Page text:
This story is a week old now, but I only just saw it yesterday. Jena McGregor at the Washington Post: Men's Negotiating Styles Toward Women Grew More Aggressive after Trump's Election, Study Shows.
Wharton assistant professor Corinne Low didn't set out to test the effect Donald Trump's election might have on men's and women's negotiating patterns last year. A gender and family economist, she was looking more broadly into gender differences in communication styles, using experiments to look at how men and women negotiate with one another in a lab at Wharton, the University of Pennsylvania's business school.Low notes that their dataset can't tell them whether it's a phenomenon contained to the immediate aftermath of the election, which will diminish with time, or whether "it is something that's shifted and is going to last the entire presidency." But it was a marked departure among men, in the wake of Trump's election.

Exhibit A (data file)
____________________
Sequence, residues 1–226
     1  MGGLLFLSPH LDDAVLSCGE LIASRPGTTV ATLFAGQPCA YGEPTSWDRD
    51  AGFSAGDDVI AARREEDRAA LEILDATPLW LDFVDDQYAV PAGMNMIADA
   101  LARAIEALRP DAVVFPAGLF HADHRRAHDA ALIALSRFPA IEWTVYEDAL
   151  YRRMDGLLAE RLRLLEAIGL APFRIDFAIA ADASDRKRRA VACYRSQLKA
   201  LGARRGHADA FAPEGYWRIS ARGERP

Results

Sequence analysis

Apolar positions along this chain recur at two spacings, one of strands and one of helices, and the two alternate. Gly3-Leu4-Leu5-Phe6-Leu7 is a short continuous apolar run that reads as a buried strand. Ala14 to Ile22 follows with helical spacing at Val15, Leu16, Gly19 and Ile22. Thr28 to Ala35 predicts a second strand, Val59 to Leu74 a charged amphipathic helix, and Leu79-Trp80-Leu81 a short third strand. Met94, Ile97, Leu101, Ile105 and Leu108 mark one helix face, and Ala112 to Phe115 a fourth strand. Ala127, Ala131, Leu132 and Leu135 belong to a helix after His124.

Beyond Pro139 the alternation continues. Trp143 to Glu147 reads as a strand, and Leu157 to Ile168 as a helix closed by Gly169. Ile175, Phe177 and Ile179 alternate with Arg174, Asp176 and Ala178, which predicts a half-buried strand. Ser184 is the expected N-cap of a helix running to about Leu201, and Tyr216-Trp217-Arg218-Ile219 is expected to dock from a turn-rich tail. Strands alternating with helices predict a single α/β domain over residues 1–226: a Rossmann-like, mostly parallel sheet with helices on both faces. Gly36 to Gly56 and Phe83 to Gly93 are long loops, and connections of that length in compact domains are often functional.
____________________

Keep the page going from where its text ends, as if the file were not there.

But after the November election, she noticed something interesting in her data. Comparing the results from lab tests she ran during early and late October with tests she ran the week after the election, she noticed a change she called "extremely stark:" On the whole, negotiating partners were more adversarial in their chat-based communication threads. In particular, men were more aggressive when they negotiated with counterparts they knew they were female, using hardball tactics more often.
..."Not only was the communication more aggressive, it was also less effective," she said.
What I suspect is that Low's finding is not an anomaly. There are almost certainly measurable changes in behavior, specifically behavior of men toward women, across a wide spectrum of interactions. I don't imagine for a moment this increased aggression is limited to negotiation.
And that is very concerning.
Trump's election empowered a lot of ugliness, and now his administration endeavors each day to codify that empowerment.
I don't know where it will end. It will take a long time for us to recover, if we can.